Norwegian doctors all over the country are mounting a revolt against a new state measure aimed at reducing sick leave. The measure requires doctors to take a refresher course on requirements for sick leave, and if they don’t take the course, they’ll lose their right to excuse patients from school or work for medical reasons.
Not only are many doctors professionally offended by what they view as state intrusion into their medical evaluations, Norwegian Broadcasting (NRK) reported that they also see the course and its requirements as yet another layer of unnecessary bureaucracy. A vast majority of doctors are simply refusing to take the course.
NRK reported on its national nightly news program Dagsrevy that round 23,000 doctors in Norway were told in January that they must take the new mandatory course in order to continue to have the authority to place patients on paid sick leave, which is mostly funded by the state with contributions from employers. Workers in Norway, except those who are self-employed, are allowed to call in sick themselves for up to three days at no loss of wages. After that, however, they must obtain a doctor’s permission to prevent their wages from being cut. Self-employed persons face much stricter requirements, and generally receive no sick pay compensation for the first two weeks they’re away from work.
NRK reported that to date, only around 1,800 of the 23,000 doctors have taken the obligatory three-hour course, either because they haven’t taken the time for it or object to it as a matter of principle. “I don’t see this as an expression of arrogance on my part,” Dr Sverre Støren in Tønsberg, who refuses to take the course, told NRK. “It’s rather an expression that someone needs to put their foot down when we get hit with meaningless bureaucracy.”
He faces losing his right to place his patients on sick leave but claims that’s not his responsibility. “It’s the health authorities who are making things very difficult for my patients,” Støren said. “And that’s their responsibility, not mine.”
State officials at both ends of the political spectrum have been trying to reduce the levels of sick leave in Norway for years and it has come down in recent years. The current left-center government, running for re-election at the moment, links the reduction to a program it launched in 2007 called Raskere tilbake (roughly translated, “A quicker return to work”) that has included a wide range of measures like quicker treatments, programs where patients can work on a reduced schedule and closer cooperation between employers, health authorities and the patients themselves.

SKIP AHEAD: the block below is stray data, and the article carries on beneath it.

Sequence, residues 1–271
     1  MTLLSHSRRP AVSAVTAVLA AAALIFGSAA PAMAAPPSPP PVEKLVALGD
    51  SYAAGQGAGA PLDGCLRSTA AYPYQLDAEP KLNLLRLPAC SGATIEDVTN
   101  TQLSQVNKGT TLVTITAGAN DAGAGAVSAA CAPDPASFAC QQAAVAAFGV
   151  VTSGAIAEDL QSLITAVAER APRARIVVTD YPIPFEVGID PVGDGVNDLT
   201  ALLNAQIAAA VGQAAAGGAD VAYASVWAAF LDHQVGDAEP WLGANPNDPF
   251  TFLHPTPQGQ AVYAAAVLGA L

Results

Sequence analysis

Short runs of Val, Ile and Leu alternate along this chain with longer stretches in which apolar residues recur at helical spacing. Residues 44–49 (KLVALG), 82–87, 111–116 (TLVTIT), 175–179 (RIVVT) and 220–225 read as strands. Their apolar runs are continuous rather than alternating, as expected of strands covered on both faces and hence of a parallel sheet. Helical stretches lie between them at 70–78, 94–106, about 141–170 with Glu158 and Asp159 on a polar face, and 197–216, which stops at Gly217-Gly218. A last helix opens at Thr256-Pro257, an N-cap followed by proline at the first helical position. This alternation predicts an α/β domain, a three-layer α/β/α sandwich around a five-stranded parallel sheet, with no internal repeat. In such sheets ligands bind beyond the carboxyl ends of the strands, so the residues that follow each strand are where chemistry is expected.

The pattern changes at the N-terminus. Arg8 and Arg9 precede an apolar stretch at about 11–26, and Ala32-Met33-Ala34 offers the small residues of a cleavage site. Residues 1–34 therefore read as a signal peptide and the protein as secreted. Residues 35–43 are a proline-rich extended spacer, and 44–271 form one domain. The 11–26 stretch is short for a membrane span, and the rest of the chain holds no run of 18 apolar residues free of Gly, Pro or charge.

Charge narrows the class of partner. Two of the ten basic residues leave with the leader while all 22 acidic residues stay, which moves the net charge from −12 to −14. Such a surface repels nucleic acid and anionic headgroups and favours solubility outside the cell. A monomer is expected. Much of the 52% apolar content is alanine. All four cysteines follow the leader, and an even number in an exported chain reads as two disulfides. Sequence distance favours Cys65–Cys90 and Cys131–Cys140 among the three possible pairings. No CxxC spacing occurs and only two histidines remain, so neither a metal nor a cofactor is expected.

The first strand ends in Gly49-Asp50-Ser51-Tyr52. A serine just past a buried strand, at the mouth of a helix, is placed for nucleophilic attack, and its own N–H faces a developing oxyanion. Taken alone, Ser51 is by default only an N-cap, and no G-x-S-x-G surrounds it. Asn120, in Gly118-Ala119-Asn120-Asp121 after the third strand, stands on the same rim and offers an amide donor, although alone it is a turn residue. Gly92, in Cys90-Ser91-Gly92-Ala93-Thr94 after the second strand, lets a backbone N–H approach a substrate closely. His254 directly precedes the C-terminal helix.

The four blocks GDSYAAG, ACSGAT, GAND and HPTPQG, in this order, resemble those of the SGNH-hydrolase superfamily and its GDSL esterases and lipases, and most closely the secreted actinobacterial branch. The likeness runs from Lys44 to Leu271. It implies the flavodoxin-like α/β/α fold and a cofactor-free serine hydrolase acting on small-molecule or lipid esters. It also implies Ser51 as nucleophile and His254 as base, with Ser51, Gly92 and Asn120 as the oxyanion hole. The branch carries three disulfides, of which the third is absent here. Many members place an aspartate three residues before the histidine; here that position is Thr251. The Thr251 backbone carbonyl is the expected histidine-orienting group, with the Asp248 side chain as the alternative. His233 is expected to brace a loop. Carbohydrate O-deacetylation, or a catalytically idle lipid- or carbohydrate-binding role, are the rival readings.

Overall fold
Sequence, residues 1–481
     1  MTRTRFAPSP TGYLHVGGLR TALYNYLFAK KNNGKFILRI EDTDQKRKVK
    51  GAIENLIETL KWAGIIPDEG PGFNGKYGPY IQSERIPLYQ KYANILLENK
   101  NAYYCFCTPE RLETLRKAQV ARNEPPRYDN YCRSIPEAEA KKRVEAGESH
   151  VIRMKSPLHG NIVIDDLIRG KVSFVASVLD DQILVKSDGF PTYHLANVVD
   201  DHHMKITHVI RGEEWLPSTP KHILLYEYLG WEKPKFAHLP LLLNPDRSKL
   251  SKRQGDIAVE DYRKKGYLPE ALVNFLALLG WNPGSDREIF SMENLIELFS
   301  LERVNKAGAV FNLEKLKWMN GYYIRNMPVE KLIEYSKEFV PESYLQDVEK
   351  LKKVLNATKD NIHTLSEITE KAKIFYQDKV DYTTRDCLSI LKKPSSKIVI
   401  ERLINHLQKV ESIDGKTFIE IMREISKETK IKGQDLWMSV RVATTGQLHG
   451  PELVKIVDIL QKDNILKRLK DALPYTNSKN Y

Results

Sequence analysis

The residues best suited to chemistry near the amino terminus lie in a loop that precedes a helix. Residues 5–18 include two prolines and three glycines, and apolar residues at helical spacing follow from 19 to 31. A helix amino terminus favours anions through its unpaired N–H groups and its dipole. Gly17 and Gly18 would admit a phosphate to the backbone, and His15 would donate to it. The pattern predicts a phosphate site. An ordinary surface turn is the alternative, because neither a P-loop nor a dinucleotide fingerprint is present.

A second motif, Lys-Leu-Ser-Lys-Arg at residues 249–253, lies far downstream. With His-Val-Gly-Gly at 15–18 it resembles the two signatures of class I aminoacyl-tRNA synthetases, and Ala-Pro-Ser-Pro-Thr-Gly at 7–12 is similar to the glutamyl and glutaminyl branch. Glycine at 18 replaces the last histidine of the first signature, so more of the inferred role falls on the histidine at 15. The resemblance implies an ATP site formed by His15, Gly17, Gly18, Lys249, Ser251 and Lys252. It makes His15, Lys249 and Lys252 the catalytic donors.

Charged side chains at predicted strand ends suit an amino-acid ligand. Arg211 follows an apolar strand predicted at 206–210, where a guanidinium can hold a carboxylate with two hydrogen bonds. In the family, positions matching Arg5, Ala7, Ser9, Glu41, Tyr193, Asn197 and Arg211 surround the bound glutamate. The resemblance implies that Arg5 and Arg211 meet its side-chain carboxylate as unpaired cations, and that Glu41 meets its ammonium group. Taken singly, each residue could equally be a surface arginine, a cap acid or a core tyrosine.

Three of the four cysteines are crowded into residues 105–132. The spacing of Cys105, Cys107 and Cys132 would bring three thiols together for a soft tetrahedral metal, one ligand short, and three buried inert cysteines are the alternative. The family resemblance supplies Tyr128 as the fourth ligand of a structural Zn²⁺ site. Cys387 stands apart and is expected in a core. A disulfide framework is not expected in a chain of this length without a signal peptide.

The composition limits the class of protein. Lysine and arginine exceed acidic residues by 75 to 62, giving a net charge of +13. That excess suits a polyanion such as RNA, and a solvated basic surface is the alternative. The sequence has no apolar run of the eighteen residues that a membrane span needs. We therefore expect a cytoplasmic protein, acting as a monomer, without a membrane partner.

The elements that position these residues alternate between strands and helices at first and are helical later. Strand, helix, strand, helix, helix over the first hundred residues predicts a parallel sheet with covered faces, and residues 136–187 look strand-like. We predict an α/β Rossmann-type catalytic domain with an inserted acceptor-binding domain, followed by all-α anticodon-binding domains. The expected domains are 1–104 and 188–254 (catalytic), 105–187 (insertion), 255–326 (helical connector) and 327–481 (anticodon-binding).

Concerns have been raised that many doctors are too sympathetic or lenient in granting patients’ requests for sick leave, hence the mandatory course outlining what criteria must be met in order to grant paid sick leave. Most doctors think the medical evaluation for sick leave should lie with them, and some like Dr Kjetil Karlsen in Tromsø also claim the course itself has no documented effect. He also seemed offended by the order to attend the course, telling NRK that the state also “threatens punishment if I don’t take the course.”
Bjørn Gudbjørgsrud, a director at the state welfare agency (NAV) that administers sick leave compensation in Norway, told NRK that the ambition is simply to further reduce sick leave, and the course is a way for doctors to take their share of the responsibility for that. “Increased competence (in granting sick leave),” he said, should be documentation enough that the course will have some effect.
Labour Minister Anniken Huitfeldt said she has no plans to drop sanctions against doctors who refuse to take the course. “Doctors, like all other workers, must update themselves,” Huitfeldt insisted, claiming that a refresher course on requirements for sick leave will have a major effect on lowering it.